(3) The Government responds that Congress must generally intend for agencies to resolve statutory ambiguities because agencies have subject matter expertise regarding the statutes they administer; because deferring to agencies purportedly promotes the uniform construction of federal law; and because resolving statutory ambiguities can involve policymaking best left to political actors, rather than courts.  See Brief for Respondents in No. 22–1219, pp. 16–19.  But none of these considerations justifies Chevron’s sweeping presumption of congressional intent.


As the Court recently noted, interpretive issues arising in connection with a regulatory scheme “may fall more naturally into a judge’s bailiwick” than an agency’s. Kisor v. Wilkie, 588 U S. 558, 578.  Under Chevron’s broad rule of deference, though, ambiguities of all stripes trigger deference, even in cases having little to do with an agency’s technical subject matter expertise. And even when an ambiguity happens to implicate a technical matter, it does not follow that Congress has taken the power to authoritatively interpret the statute from the courts and given it to the agency. Congress expects courts to handle technical statutory questions, and courts did so without issue in agency cases before Chevron. After all, in an agency case in particular, the reviewing court will go about its task with the agency’s “body of experience and informed judgment,” among other information, at its disposal. Skidmore, 323 U.S. at 140.  An agency’s interpretation of a statute “cannot bind a court,” but may be especially informative “to the extent it rests on factual premises within [the agency’s] expertise.” Bureau of Alcohol, Tobacco and Firearms v. FLRA, 464 U.S. 89, 98 n.8. Delegating ultimate interpretive authority to agencies is simply not necessary to ensure that the resolution of statutory ambiguities is well informed by subject matter expertise.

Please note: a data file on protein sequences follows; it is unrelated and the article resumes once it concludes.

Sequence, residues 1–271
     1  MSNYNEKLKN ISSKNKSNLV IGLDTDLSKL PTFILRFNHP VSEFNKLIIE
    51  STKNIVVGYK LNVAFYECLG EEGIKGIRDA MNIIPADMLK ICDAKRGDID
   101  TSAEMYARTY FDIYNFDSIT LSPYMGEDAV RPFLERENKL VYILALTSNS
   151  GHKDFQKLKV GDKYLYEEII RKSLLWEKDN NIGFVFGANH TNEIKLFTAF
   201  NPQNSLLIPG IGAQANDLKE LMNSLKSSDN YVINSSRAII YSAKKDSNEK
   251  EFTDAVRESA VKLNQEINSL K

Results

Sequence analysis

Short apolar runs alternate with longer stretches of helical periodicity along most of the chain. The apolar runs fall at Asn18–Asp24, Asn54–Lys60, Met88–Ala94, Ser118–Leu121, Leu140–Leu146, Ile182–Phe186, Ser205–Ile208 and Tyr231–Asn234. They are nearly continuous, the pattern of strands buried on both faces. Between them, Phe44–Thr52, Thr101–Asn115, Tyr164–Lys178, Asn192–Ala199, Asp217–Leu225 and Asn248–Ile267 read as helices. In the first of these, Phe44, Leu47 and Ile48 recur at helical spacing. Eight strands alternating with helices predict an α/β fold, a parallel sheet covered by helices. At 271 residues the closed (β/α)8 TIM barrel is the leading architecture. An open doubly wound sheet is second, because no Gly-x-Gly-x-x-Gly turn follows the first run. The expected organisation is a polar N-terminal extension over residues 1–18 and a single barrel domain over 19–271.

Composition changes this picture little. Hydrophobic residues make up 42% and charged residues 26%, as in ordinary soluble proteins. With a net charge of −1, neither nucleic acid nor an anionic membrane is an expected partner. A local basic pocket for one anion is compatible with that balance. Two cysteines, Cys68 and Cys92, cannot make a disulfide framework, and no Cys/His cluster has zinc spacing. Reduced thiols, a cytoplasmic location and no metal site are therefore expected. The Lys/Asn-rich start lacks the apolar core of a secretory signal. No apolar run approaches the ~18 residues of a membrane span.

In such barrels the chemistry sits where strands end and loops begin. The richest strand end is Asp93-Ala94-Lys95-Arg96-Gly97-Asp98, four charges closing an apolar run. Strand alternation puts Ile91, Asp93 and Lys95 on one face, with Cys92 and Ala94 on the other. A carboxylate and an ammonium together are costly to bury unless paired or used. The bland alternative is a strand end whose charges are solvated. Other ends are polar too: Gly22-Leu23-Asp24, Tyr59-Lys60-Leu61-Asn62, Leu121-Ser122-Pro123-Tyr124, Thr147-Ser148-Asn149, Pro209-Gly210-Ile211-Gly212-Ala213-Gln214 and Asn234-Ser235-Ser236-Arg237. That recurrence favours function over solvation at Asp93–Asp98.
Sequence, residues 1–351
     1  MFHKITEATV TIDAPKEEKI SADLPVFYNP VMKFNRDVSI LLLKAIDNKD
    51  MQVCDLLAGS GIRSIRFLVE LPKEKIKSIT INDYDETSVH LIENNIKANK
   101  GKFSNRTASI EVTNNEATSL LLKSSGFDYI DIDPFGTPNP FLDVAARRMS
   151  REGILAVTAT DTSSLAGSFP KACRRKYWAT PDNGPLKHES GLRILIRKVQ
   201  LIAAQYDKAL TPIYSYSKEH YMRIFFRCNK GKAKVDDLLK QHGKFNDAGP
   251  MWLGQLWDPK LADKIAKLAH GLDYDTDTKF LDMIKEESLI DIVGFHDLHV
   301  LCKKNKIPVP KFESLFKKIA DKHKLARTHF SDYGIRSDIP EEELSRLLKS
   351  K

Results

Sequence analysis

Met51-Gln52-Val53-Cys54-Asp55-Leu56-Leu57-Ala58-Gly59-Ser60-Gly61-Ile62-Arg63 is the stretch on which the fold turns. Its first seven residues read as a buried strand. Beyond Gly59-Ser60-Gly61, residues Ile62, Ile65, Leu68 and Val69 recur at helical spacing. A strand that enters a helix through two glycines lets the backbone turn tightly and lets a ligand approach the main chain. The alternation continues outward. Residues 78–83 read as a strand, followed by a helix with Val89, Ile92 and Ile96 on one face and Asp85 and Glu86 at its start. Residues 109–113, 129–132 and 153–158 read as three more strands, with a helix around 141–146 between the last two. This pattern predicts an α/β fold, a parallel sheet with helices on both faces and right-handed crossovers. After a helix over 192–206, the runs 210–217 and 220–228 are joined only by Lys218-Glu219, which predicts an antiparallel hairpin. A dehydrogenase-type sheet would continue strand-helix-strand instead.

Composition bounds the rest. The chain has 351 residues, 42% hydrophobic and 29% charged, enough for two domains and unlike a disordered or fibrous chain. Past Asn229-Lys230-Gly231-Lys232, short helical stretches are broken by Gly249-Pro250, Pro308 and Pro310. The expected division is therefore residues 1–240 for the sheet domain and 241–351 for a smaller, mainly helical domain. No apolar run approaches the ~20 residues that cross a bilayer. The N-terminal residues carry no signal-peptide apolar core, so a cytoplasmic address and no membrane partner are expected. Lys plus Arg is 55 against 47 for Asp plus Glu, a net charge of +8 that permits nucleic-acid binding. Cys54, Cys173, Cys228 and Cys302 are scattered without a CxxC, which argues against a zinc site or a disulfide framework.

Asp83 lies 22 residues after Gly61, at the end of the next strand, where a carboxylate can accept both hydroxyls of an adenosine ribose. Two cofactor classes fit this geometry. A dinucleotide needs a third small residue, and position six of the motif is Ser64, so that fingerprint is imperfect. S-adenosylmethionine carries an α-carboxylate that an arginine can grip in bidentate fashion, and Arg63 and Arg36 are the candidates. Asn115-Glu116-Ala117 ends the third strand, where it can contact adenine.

Nor does a desire for the uniform construction of federal law justify Chevron. It is unclear how much the Chevron doctrine as a whole actually promotes such uniformity, and in any event, we see no reason to presume that Congress prefers uniformity for uniformity’s sake over the correct interpretation of the laws it enacts.


Finally, the view that interpretation of ambiguous statutory provisions amounts to policymaking suited for political actors rather than courts is especially mistaken because it rests on a profound misconception of the judicial role.  Resolution of statutory ambiguities involves legal interpretation, and that task does not suddenly become policymaking just because a court has an “agency to fall back on.”  Kisor, 588 U.S. at 575. Courts interpret statutes, no matter the context, based on the traditional tools of statutory construction, not individual policy preferences. To stay out of discretionary policymaking left to the political branches, judges need only fulfill their obligations under the APA to independently identify and respect such delegations of authority, police the outer statutory boundaries of those delegations, and ensure that agencies exercise their discretion consistent with the APA. By forcing courts to instead pretend that ambiguities are necessarily delegations, Chevron prevents judges from judging.  Pp. 23–26.